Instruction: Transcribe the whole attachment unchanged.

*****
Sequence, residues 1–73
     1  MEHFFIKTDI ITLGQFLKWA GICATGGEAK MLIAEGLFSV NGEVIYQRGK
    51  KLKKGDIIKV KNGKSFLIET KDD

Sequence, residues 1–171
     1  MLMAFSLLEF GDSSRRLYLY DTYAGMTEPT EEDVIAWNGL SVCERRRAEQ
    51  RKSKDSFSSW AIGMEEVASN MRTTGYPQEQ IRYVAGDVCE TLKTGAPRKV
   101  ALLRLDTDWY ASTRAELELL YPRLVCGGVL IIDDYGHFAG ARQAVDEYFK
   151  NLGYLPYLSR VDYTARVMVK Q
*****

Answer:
Sequence, residues 1–73
     1  MEHFFIKTDI ITLGQFLKWA GICATGGEAK MLIAEGLFSV NGEVIYQRGK
    51  KLKKGDIIKV KNGKSFLIET KDD

Sequence, residues 1–171
     1  MLMAFSLLEF GDSSRRLYLY DTYAGMTEPT EEDVIAWNGL SVCERRRAEQ
    51  RKSKDSFSSW AIGMEEVASN MRTTGYPQEQ IRYVAGDVCE TLKTGAPRKV
   101  ALLRLDTDWY ASTRAELELL YPRLVCGGVL IIDDYGHFAG ARQAVDEYFK
   151  NLGYLPYLSR VDYTARVMVK Q